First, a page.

52 MONITOR ON PSYCHOLOGY • SEPTEMBER 2013
Bandoroff, who heads Peak Experience, a wilderness therapy
training and practice firm in Ashland, Ore.
Looking to the future
These programs aren’t perfect, those involved admit. For one
thing, they’re expensive, costing from $20,000 to $30,000
for two months. As such, they tend to be available only to
wealthier clients, since insurance doesn’t pay for anything
but discrete therapy sessions in the wilderness, and publicly
funded programs generally dried up with the 2008 recession.
For another, the quality of these programs remains variable.
While many programs are reputable state-licensed programs
with top-notch therapists, others have more questionable
credentials, Erkis says. Because so much time is spent
outdoors without parental supervision, ethical, safety and
health issues may also arise, so it behooves parents to find
well-vetted programs, Erkis says. Finally, follow-up is a
problem with some programs, though good programs make
sure clients receive recommendations for additional care or
placement if needed.
That said, research is starting to show that some of these
programs can be effective. A 2010 Journal of Therapeutic
Schools and Programs article by Ellen Behrens, PhD, and
colleagues, for instance, examined several large-scale, multi-center longitudinal studies and found that youth in these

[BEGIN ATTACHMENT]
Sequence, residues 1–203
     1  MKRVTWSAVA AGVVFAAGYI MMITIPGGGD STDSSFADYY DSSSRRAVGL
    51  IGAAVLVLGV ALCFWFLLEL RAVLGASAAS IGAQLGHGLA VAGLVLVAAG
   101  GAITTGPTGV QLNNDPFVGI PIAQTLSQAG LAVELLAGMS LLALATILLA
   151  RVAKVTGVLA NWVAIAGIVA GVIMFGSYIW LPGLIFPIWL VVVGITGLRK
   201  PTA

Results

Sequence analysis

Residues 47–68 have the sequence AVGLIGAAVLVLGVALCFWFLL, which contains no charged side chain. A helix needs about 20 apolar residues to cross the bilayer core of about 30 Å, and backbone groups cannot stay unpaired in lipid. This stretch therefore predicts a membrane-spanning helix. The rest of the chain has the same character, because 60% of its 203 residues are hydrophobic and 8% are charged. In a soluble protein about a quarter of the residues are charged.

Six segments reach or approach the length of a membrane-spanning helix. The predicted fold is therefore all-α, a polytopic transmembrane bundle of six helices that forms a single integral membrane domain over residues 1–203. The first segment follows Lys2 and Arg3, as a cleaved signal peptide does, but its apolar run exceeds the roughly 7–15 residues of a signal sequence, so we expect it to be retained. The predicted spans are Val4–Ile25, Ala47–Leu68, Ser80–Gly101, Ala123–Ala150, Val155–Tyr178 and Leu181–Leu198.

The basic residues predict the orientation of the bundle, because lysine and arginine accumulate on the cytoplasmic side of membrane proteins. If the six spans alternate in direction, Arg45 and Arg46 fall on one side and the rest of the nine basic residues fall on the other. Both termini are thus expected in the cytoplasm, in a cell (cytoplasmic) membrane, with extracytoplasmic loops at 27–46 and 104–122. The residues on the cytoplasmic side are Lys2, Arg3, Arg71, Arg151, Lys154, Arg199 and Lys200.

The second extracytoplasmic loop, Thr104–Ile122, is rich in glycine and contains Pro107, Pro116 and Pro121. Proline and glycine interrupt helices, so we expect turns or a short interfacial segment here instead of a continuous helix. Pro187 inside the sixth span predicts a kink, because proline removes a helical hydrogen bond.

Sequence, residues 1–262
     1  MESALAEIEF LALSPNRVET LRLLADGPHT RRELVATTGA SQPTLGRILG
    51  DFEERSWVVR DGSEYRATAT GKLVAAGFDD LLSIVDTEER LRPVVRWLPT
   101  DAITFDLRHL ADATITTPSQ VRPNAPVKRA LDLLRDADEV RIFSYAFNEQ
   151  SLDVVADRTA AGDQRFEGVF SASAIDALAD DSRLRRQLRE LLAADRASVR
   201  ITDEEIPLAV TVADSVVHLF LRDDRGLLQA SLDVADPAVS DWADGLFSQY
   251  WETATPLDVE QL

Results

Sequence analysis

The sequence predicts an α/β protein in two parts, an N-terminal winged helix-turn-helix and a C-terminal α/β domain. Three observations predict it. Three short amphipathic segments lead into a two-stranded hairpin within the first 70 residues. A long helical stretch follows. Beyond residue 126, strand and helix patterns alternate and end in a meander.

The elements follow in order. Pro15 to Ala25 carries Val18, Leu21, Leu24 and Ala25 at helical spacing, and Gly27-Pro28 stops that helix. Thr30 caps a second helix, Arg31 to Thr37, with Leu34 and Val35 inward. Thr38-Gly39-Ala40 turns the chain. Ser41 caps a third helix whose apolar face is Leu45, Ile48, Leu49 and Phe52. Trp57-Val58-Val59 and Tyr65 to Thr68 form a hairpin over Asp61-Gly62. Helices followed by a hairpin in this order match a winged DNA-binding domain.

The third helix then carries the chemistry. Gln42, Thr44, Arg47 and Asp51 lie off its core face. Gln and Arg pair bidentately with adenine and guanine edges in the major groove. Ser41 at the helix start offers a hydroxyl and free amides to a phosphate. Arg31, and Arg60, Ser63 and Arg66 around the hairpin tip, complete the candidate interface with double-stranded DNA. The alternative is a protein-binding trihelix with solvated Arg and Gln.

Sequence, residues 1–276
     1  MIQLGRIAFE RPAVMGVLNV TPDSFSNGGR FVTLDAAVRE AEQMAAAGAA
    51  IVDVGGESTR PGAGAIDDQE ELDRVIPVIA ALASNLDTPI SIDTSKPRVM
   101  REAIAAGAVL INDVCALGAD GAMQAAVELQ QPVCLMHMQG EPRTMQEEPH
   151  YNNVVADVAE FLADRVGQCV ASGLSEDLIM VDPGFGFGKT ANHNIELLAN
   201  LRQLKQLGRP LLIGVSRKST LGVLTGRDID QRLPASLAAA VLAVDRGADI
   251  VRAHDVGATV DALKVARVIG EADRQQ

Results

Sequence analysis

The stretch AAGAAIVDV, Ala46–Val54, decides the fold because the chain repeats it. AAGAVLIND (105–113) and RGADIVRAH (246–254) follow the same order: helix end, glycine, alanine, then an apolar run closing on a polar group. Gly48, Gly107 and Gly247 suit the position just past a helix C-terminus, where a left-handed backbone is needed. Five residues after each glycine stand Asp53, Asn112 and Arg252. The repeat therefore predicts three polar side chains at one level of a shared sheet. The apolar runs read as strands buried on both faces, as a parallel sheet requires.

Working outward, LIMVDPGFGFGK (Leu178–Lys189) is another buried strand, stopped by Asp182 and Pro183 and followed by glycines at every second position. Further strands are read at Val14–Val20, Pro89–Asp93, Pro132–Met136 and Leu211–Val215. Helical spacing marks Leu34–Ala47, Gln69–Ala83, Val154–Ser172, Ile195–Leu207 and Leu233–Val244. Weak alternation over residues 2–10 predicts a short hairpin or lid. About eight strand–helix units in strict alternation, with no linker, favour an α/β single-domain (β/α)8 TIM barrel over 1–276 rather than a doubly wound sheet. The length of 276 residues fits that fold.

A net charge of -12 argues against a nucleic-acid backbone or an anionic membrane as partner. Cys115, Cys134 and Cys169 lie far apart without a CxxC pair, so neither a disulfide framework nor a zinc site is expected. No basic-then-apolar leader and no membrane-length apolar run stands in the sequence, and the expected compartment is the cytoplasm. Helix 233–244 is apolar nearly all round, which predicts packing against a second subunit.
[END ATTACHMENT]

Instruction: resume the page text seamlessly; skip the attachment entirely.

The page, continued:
programs improved significantly in mood and behavior
during treatment, and that those improvements continued
when they returned home. Meanwhile, in six years of tracking
participants and parents over a number of programs, Second
Nature researchers found significant improvements in the
youngsters’ overall motivation, life skills, interpersonal
relationships, hope, self-confidence and emotional control
both at graduation and at six-month follow-ups. Importantly,
parents perceived those differences, too.
For Bandoroff, there is no doubt that the combination
of being in a beautiful natural setting and working on your
issues with highly trained professionals is a winning one that
more psychologists should consider exploring.
“You get spoiled for life when you see how quickly change
can occur,” he says. n
Tori DeAngelis is a writer in Syracuse, N. Y.
A S S E S S M E N T S
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2O. Place cold cuts on bread
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